Impairment testing of long-lived assets differs substantially from goodwill impairment testing. Learn the key differences and avoid common mistakes.
So far in 2021, Crowe specialists are reporting an uptick in client questions about impairment of long-lived assets such as customer relationships, real estate, or factory equipment – a topic that’s less familiar for many teams because it follows guidance under a different accounting standard (ASC 360) than goodwill impairment (ASC 350).
The following six questions shed some light on impairment testing for long-lived assets to be held and used and how it differs from the goodwill impairment model under ASC 350. (Our discussion here assumes the accounting alternative for goodwill impairment testing available to private companies is not elected.)
1. What are the key differences between impairment testing in ASC 350 and ASC 360?
Exhibit 1 summarizes some of the major differences between the goodwill impairment model under ASC 350 (Intangibles – Goodwill and Other) and the long-lived asset impairment model under ASC 360 (Property, Plant, and Equipment).
Exhibit 1: Comparing ASC 350 and ASC 360
2. What is the correct ordering of impairment testing for assets held for use?
Finance teams should conduct impairment testing in the following order:
- Assets not in the scope of ASC 350 and ASC 360, such as inventory and accounts receivable
- Indefinite-lived intangible assets (ASC 350-30)
- Long-lived assets (ASC 360)
- Goodwill (ASC 350)
3. When should an impairment test be performed for a long-lived asset?
Triggering events for an impairment test of long-lived assets should be performed if one of the following occurs:
- A significant decrease in the market price of an asset group
- A significant adverse change to the asset group – its physical condition, how it is used, or even overall business climate or legal factors – that affects its value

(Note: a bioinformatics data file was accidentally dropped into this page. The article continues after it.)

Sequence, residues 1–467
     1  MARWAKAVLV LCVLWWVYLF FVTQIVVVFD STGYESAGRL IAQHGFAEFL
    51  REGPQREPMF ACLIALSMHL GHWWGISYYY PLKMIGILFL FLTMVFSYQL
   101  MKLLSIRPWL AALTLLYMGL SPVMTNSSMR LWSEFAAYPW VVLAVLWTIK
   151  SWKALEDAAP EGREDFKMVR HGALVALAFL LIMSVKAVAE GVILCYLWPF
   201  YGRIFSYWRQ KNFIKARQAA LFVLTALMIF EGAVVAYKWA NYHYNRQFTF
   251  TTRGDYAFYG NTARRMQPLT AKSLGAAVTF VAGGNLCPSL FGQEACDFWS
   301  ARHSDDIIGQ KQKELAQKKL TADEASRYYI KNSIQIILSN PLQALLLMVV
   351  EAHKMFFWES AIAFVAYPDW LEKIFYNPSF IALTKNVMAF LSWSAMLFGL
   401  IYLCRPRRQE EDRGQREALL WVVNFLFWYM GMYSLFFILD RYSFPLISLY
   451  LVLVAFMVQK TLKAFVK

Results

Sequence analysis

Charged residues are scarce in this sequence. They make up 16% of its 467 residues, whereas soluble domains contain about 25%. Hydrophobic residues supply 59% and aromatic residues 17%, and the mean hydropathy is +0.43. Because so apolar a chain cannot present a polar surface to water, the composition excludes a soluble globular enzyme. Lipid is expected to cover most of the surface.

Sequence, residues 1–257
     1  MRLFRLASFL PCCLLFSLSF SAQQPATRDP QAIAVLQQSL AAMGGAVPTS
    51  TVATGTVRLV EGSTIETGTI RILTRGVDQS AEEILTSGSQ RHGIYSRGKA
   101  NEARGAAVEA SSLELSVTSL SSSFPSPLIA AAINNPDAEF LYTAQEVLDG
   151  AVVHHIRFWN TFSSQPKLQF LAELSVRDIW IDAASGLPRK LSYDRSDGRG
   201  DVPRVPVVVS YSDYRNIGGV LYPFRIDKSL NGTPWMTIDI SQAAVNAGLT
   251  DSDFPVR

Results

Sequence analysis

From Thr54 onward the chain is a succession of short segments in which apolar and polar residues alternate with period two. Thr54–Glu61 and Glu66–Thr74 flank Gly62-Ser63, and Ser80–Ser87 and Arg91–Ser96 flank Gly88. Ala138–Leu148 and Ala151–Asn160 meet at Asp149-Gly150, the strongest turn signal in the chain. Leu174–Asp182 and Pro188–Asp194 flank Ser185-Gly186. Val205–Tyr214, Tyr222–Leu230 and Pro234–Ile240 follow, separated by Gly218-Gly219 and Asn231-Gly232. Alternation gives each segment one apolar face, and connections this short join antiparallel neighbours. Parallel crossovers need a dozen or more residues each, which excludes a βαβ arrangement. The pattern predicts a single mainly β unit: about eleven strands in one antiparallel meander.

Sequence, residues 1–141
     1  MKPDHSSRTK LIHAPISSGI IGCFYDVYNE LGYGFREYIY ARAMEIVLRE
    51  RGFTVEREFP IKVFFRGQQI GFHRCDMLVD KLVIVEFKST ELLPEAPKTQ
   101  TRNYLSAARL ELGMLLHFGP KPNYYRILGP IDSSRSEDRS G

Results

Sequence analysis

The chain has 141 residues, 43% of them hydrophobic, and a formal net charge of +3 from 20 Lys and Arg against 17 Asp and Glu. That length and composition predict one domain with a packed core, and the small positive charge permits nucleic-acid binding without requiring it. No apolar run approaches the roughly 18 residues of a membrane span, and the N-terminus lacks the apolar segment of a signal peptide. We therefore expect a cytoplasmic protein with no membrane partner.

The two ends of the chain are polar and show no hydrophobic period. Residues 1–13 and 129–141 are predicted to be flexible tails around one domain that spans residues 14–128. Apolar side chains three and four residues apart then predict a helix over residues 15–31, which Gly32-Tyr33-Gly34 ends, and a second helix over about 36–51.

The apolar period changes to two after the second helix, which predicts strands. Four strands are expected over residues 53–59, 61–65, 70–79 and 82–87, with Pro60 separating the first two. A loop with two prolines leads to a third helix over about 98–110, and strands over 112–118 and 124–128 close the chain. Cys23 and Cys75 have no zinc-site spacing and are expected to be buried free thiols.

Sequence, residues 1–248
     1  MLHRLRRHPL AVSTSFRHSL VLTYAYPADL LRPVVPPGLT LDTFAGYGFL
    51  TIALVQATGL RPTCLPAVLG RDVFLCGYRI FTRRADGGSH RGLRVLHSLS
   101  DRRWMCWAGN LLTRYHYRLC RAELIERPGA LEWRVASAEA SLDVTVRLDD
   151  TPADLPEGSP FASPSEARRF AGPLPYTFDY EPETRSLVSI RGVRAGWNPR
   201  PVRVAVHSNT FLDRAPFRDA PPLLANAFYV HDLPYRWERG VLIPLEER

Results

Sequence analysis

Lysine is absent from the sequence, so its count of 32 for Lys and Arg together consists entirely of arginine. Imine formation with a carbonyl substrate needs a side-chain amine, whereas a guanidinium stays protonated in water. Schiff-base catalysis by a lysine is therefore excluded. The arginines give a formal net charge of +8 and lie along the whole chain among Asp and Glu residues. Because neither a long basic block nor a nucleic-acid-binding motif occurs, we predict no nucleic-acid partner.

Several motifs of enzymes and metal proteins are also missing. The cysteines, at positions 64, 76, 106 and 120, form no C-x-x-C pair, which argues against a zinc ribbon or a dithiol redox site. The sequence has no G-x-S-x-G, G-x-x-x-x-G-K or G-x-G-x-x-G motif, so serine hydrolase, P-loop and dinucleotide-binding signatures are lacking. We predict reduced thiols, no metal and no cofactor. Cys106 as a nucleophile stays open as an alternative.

- An accumulation of costs significantly in excess of the amount originally expected to acquire or construct an asset group
- An operating or cash flow loss combined with a history of operating or cash flow losses – or a forecast that demonstrates continuing losses associated with the asset group
- An expectation that, more likely than not, an asset group will be sold or disposed of well before the end of its previously estimated useful life
4. How should organizations identify an asset group for for long-lived asset impairment testing under ASC 360?
An asset group is comprised of assets and liabilities organized at the lowest level of identifiable cash flows that are largely independent of other assets and liabilities. Asset groups are not limited to tangible assets; they may also include intangible assets. If an asset group is equivalent to a reporting unit as a whole, then it also should include goodwill.
The determination of asset groups is inherently entity-specific because it is driven by the level at which cash flows are largely independent from the cash flows of other assets and liabilities within an organization. As a result, finance teams should consider their specific facts and circumstances to identify asset groups, which might involve significant judgment.
5. To avoid errors, what do organizations need to understand about the difference between ASC 350’s quantitative testing approach and ASC 360’s two-step approach?
Exhibit 2 summarizes some of the major differences between measurement requirements under ASC 350 and ASC 360.
Exhibit 2: Comparing measurement requirements of ASC 350 and ASC 360
6. What other considerations should organizations take into account when performing impairment testing for long-lived assets?
- Cash flow forecasts must be based on the asset group as it is currently constituted rather than on speculative future changes that could improve cash flows. Auditors will expect reasonable forecasts.
- Probability-weighted cash flows might be useful if management is considering various scenarios for the asset group during the recoverability test.
- Long-lived assets that are held for sale are assessed differently from long-lived assets held for use (for example, the order in which they are tested for impairment).
- Measurement of impairment is performed at the asset group level; however, the impairment loss must then be allocated to the individual assets in the group on a pro rata basis.